A Mechanistic Exploratory Study of AF-induced Cardiac Dysfunction and Symptoms

  • End date
    Oct 23, 2024
  • participants needed
  • sponsor
    Barts & The London NHS Trust
Updated on 23 March 2022
ejection fraction
heart failure
holter monitor
stress echocardiography
cardiac mri
catheter ablation


Although the heart rhythm disorder Atrial Fibrillation (AF) affects 2% of the population, the impact it has on an effected individual can be highly variable. Some people are asymptomatic whilst others can experience debilitating symptoms or heart failure (HF)- weakness of the heart muscle. The reason why this variability exists in unknown and how AF actually drives HF is unclear. HF can also be caused by many other reasons and it can be difficult to identify those patients with HF caused by AF versus patients with AF but their HF is due to a different reason. This is important as it would help us to identify those patients most likely to improve their heart function after the treatment of AF and thus gain more from invasive treatments like AF catheter ablation; which is effective at restoring normal heart rhythm but has some risks attached.

The investigators suspect the characteristics of the AF, such as how irregularly it makes the heartbeat, can be used to predict who will respond better. Studies of heart cells in the lab as well as animal models have suggested this characteristic may be the cause of AF-induced heart muscle weakness and reduce cardiac output, making it a potential predictor that can be measured. Other potential predictors will be measured during pre-procedural scans and tests too. The investigators will also explore whether there are predictors of which patients gain the most symptomatic benefit and gain insight into why some people develop symptoms of AF, whereas others do not.

By studying the structural and functional sequelae of catheter ablation in patients with HF the investigators hope to better understand the relationship between the two diseases.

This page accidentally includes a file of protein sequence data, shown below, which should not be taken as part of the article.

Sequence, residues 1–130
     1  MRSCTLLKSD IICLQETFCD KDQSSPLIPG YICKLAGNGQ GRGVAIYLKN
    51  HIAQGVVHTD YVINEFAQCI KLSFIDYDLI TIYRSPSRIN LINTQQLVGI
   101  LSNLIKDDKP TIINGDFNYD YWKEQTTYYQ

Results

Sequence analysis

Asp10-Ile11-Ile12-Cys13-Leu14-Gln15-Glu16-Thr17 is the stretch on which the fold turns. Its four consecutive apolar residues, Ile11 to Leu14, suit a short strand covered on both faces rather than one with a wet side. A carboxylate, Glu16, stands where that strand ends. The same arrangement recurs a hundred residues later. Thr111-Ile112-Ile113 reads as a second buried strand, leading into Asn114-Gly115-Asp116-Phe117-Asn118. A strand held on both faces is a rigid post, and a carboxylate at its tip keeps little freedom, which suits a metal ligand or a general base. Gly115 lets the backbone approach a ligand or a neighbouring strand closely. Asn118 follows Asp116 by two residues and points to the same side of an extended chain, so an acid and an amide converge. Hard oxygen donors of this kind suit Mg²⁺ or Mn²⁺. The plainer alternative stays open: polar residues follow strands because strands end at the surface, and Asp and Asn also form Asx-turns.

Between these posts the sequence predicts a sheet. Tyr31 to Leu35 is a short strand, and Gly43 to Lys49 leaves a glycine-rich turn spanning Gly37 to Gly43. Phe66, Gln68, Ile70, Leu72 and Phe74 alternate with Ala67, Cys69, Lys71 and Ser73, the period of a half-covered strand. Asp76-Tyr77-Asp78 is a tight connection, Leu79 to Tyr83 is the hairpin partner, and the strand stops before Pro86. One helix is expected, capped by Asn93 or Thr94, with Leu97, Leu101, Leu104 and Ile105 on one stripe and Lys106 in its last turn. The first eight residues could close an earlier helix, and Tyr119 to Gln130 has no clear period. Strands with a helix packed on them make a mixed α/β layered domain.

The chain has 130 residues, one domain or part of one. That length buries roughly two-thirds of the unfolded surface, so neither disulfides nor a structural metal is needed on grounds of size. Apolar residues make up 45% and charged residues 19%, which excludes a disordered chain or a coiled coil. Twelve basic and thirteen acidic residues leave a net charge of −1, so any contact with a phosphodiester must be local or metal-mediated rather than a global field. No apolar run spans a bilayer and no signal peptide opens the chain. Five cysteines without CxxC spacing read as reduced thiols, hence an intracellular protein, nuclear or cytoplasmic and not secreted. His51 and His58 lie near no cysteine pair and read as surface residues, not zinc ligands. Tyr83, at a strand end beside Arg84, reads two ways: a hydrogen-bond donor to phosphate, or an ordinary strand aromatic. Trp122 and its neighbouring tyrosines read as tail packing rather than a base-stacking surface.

Condition Atrial Fibrillation, Heart Failure
Treatment Cardiac MRI, stress echocardiography, Holter monitoring, Patient questionnaires
Clinical Study IdentifierNCT04987723
SponsorBarts & The London NHS Trust
Last Modified on23 March 2022


Yes No Not Sure

Inclusion Criteria

Referred for first AFCA procedure by their responsible physician
Persistent AF captured on ECG but not in continuous AF for more than 3 years. (Persistent AF will be defined as any continuous episode lasting longer than 7 days or requiring intervention to restore sinus rhythm after this time.)
Participants must have either
Left Ventricular Ejection Fraction (LVEF) < 50% by echocardiogram during routine screening or within 12 months prior to enrolment day. The echo must have been performed >3 weeks after optimisation of HF and rate control therapies, otherwise repeat imaging will be performed after this has been achieved
NYHA functional status II-III at the enrolment visit
Left Ventricular Ejection Fraction (LVEF) >50% by echocardiogram during routine screening or within 12 months prior to enrolment day
modified European Heart Rhythm Association 2a-4

Exclusion Criteria

Previous left atrial ablation procedure or surgery
Contraindication to chronic anticoagulation therapy or heparin
Unable or unwilling to consent to investigation and follow-up requirements or inability to comply with planned study procedures
LA anteroposterior diameter ≥ 5.5 cm or indexed LA volume ≥ 50mL/m2 on echo
Recent (last 6 months) event that may impact LV function- myocardial infarction, coronary revascularization, pacemaker or cardiac resynchronization therapy
AF suspected to be due to a reversible cause (e.g. hyperthyroidism, recent surgery)
Acute coronary syndrome within 4 weeks as defined by ECG ST segment depression or prominent T-wave inversion and/or positive biomarkers of necrosis (e.g. troponin) in the absence of ST-segment elevation and in an appropriate clinical setting (chest discomfort or angina equivalent)
Cardiac surgery, angioplasty, or cerebrovascular accident within 4 weeks prior to enrolment
Life expectancy less than 1 year
Chronic kidney disease stage 4 or 5
Any of the below cardiac diagnoses
Hypertrophic obstructive cardiomyopathy
Severe valvular disease
Restrictive or constrictive cardiomyopathy, including known amyloidosis, sarcoidosis
Complex congenital heart disease
Constrictive pericarditis
Severe pulmonary hypertension (RVSP > 60 mmHg)
Non-cardiac pulmonary oedema
Active myocarditis
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